Friday, March 1, 2013
By TOM KING
Kurt Mithoefer looked on the bright side.
“I told them better to get the one loss now, as opposed to going all the way to the playoffs and having it be in the playoffs or the finals,” the Merrimack High School hockey coach told his players after they suffering their first loss of the regular season, 2-1, at the hands of Bedford on Thursday at West Side Arena.
Thus, with a goal by the Bulldogs’ Ben Philbrick at 7:06 of the third period, the Tomahawks’ dream of an unbeaten season in Division II disappeared.
The Bulldogs certainly staked their claim as a team worthy of a title. They are now 12-3-2, having beaten Goffstown and the Tomahawks on back-to-back days, and could conceivably get through a stretch of three games in four days unscathed.
“We wanted to keep (Merrimack’s) offense quiet,” Bedford coach Marty Myers said. “In order to keep their offense quiet, we wanted to control the puck. Our game was to keep the play down low, close to their net, and make sure they don’t get us on the odd-man rush.”
The ’Hawks didn’t have many of their patented break-ins, and when they did Bedford goaltender Steve Tempesta (24 saves) was brilliant as the last wall of defense.
He got some big help from a post on a Connor Powell breakaway attempt late in the second period.
Bedford was up 1-0 at the time thanks to a Chris Viola wrister, assisted by Chris O’Hara and Kurt Mitchell, at 3:29 of the second.
“Fantastic,” Myers said of his goalie’s performance. “Fantastic. We rely heavily on him.
“He saved the ones he’s supposed to and even the ones he’s not supposed to.”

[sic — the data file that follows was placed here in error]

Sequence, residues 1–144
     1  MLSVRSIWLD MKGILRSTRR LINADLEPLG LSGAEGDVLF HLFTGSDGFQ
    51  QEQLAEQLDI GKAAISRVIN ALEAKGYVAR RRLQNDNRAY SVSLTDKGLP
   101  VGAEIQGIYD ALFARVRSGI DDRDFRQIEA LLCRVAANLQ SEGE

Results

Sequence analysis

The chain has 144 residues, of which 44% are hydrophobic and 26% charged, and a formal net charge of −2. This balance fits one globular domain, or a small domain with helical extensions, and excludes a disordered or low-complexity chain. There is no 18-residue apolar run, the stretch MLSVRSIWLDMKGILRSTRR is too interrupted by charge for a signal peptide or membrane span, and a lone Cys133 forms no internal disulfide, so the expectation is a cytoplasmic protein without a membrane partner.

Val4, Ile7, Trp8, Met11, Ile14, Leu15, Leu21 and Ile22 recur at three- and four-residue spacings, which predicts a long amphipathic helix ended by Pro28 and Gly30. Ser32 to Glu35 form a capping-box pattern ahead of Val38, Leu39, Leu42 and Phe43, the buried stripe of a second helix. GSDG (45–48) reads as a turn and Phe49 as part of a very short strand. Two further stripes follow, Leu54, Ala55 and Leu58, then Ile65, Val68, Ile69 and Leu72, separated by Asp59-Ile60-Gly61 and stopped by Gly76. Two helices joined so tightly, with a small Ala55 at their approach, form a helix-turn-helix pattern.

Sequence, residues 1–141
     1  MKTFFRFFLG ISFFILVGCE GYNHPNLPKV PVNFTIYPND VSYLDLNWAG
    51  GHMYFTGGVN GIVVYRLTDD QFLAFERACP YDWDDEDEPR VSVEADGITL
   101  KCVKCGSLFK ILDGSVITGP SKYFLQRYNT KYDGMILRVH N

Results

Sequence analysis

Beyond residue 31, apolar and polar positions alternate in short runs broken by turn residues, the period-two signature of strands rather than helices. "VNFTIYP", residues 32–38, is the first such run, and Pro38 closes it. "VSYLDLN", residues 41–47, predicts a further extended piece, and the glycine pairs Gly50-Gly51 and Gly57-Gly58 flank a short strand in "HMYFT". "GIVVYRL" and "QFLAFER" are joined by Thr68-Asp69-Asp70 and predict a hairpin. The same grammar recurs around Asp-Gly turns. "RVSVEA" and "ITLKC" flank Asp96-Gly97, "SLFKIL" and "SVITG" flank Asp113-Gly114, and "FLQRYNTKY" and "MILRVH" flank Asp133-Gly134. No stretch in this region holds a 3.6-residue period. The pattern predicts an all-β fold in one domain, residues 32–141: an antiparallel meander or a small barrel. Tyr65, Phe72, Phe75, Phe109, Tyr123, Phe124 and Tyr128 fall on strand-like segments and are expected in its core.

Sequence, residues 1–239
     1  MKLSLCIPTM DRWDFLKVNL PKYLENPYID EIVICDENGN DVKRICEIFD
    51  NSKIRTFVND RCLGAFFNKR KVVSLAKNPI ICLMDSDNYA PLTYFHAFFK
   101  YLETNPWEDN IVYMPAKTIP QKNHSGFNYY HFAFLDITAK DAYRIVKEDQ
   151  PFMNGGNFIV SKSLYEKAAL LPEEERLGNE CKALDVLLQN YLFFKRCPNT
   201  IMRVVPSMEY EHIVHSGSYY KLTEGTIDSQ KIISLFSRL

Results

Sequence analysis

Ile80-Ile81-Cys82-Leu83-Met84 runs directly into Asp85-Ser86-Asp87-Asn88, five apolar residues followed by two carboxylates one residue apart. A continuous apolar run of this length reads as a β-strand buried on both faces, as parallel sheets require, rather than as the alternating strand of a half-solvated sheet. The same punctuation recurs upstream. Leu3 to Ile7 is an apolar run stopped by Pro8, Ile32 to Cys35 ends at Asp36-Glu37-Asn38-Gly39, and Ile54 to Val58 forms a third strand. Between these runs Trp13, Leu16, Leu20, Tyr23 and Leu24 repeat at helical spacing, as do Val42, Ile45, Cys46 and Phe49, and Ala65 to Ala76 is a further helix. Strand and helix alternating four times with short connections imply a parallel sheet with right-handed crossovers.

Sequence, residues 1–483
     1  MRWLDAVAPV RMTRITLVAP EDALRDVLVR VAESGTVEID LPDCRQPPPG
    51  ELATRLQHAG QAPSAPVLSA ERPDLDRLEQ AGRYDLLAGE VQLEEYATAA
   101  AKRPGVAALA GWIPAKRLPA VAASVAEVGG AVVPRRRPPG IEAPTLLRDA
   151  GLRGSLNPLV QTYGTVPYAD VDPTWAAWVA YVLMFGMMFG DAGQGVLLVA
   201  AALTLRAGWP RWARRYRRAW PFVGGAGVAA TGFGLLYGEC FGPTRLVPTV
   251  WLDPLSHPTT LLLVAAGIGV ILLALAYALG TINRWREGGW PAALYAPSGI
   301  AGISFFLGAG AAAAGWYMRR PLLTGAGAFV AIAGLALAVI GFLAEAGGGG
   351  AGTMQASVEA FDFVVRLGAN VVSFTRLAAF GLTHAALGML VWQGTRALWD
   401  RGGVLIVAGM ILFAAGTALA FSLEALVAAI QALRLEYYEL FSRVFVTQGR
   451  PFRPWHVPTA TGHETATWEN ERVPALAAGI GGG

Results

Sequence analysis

He couldn’t stop Merrimack’s Josh Roy from converting a centering pass from Ryan Downie just 56 seconds into the third to tie the game 1-1.
But just over six minutes later, Philbrick broke into the Tomahawks’ zone, covered well by Merrimack defenseman Kyle Feeney, and skidded a shot that just beat ’Hawks goaltender Brett Glendye (19 stops) stickside.
“(Glendye) was sliding one way and (Philbrick) made a good shot, against the grain,” Mithoefer said. “Shot back from where he just came from. As a goalie, you can’t cover it.”
Not long after, Tempesta came up big on a shot by the ’Hawks’ Tyler Brewster on his doorstep. It was that kind of frustrating day for Merrimack’s usually potent offense.
Last year the Tomahawks had high hopes of getting to the finals and Spaulding knocked them out in the quarters. That’s why, when asked about this year’s tourney, Merrimack coach Kurt Mithoefer was non-committal.
“In tournaments, quirky things happen,” he said. “Last year we were higher seeded and Spaulding had the hot game. Really, any of the top eight teams can win it. They get pucks in the net or goalie stopping shots, they can win it. I look at all of them at the same level.”
Merrimack, until it ran into the Bedford buzzsaw, was playing at another level led by Connor Powell’s 32 goals. But Powell was kept off the board by the Bulldogs’, well, bulldog-style of getting the puck down deep in the zone and preventing numerous odd-man breakouts.
“Connor’s a talented kid, he can fight off the pressure,” Mithoefer said. “Goffstown (possible quarterfinal matchup) tried that, we fought through that. I don’t think a lot of kids or a lot of teams are going to match up and be able to shut him down; he’s a talented kid, he’s quick, he can get around stuff like that.”
Spaulding remains tough with scorers Brent Phillips (18 goals at last look) and Justin Jewell (14), and they beat Bedford 4-3 in the regular season. The two best goalies in the league are Merrimack’s Brett Glendye and Bedford’s Stevan Tempesta, and those two would help make a great title game (Bulldogs are seeded third). Bow would be a darkhorse.
“It could be anyone,” Bedford coach Marty Myers said. “It’s going to be a fun tournament. ... We’ve always had a good rivalry with Merrimack.”